Going out on high note: Winnipeg elementary school music teacher wins Juno as career wraps up

Winnipeg teacher Jewel Casselman now has a Juno statuette as an outro to her long and accomplished career as a music instructor.

Jewel Casselman is 1st elementary school educator to win MusiCounts teacher of the year

A woman holds an award in her left arm with her right hand wrapped around it.
Jewel Casselman poses with the Juno Award for MusiCounts teacher of the year during the Juno Awards in Edmonton on Monday. (Jason Franson/The Canadian Press)

Winnipeg teacher Jewel Casselman has a Juno statuette as an outro to her long and accomplished career as a music instructor.

Casselman, who plans to retire at the end of this school year — her 34th as a teacher — was in Edmonton on Monday to hear her name announced as the MusiCounts teacher of the year for her dedication to early music education.

"It's a huge honour. It's indescribable," Casselman, who teaches at Lakewood School in St. James-Assiniboia School Division, told CBC Manitoba Information Radio guest host Stephanie Cram on Tuesday morning.

"It's a way of recognizing the hard work that music teachers do, not just by me, but by all kinds of all the music teachers across Canada."

Since 2005, the MusiCounts music teacher of the year award has been given out at the Junos, Canada's music industry awards show, to recognize the work of passionate Canadian educators.

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CBC's Jim Agapito speaks with Jewel Casselman, who has been nominated for second year in a row for the MusiCounts teacher of the year award, the winner of which will be announced at the Juno Awards on Monday.

This year is the fourth time Casselman has been nominated. The fact it comes just as she ending her career "is a huge exclamation mark," she said.

"It's like the icing on the cake or the cherry on the top of the sundae. What a way to end a career. To receive a Juno for doing something that I love to do and that I get paid to do is kind of crazy. I'm going out on a very high accomplished note."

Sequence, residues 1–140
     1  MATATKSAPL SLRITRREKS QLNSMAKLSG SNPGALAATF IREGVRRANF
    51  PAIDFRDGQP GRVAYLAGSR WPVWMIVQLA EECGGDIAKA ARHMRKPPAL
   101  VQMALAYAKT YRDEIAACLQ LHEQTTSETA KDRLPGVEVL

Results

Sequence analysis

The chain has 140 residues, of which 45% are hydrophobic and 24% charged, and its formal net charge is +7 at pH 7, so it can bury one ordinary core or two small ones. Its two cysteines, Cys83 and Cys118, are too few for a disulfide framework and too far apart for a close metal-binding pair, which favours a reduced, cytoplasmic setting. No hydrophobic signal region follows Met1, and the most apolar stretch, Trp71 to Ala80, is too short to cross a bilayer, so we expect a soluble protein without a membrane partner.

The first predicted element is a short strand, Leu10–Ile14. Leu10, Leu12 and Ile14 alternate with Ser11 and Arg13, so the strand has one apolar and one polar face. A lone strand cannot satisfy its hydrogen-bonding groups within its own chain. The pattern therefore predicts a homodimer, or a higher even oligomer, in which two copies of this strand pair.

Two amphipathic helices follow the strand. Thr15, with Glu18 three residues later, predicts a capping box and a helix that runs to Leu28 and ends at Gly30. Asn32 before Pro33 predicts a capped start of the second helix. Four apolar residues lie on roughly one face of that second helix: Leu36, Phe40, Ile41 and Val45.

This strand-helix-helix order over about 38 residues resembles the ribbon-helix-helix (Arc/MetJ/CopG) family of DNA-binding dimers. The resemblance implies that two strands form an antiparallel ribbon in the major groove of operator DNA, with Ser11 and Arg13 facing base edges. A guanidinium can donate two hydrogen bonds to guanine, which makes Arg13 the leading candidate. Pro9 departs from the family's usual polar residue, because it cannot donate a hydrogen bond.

Of the 18 MusiCounts award recipients to date, Casselman is the first elementary school educator to win. In addition to the statuette, she receives a $10,000 cash prize and a grant for Lakewood School.

Casselman has advocated for music education to start in kindergarten, saying it helps kids develop self-esteem, confidence and social skills while also building on reading and math.

"It's a very creative way for them to be using their brains every day and just carries on over into other subjects and throughout their life," she said.

This year her students have been learning how to play the ukulele, putting chords together to make up songs of their own.

Other Manitobans were also nominated for Juno awards, with two coming home with hardware. The Bros. Landreth won contemporary roots album of the year for Come Morning while Jordan St. Cyr won contemporary Christian/gospel album of the year for the self-title album Jordan St. Cyr.

Two men smile and pose for a photo. The man on the left holds up a statuette.
The Bros. Landreth, David and Joey Landreth, pose with their Juno for contemporary roots album of the year during the Juno Awards in Edmonton on Saturday. (Jason Franson/The Canadian Press)

It's the second Juno for the Landreth brothers, who won in 2015, while St. Cyr picked up his first. Both awards were handed out during events on the weekend ahead of Monday's televised show.

St. Cyr wasn't at ceremony because he's on a U.S. tour, so far playing four shows — all of which sold out.

"I was actually performing a show that night. I was in line taking photos and signing autographs and then I pulled my phone out of my pocket to, like, 30 messages. I couldn't believe it," he told CBC Manitoba Up to Speed guest host Julie Dupré on Monday.

"I just immediately called my wife, I called my dad, and it was just this overwhelming feeling of gratitude."

St. Cyr, who grew up in Niverville but now lives in Nashville, said the award is "the affirmation that I'm on the right path."

"Growing up in a small town, when you tell people you want to do music for a living, you know, they're always so kind and generous about it, but they're always like, 'You can always just move back home if things don't work out,'" he said.

"So this is just a great honour to share with people who have supported me the whole way."

Winnipeg singer Faouzia was was nominated for songwriter of the year but lost out to The Weeknd.

Indian City was up for best contemporary Indigenous artist or group of the year but did not win, Andrew Balfour was nominated for classical album of the year (small ensemble) for Nagamo but came up short, and James Ehnes was nominated for classical album of the year (solo artist) but did not win — although the violinist has won a whopping 11 Juno Awards in the past.


Darren Bernhardt spent the first dozen years of his journalism career in newspapers, at the Regina Leader-Post then the Saskatoon StarPhoenix. He has been with CBC Manitoba since 2009 and specializes in offbeat and local history stories. He is the author of award-nominated and bestselling The Lesser Known: A History of Oddities from the Heart of the Continent.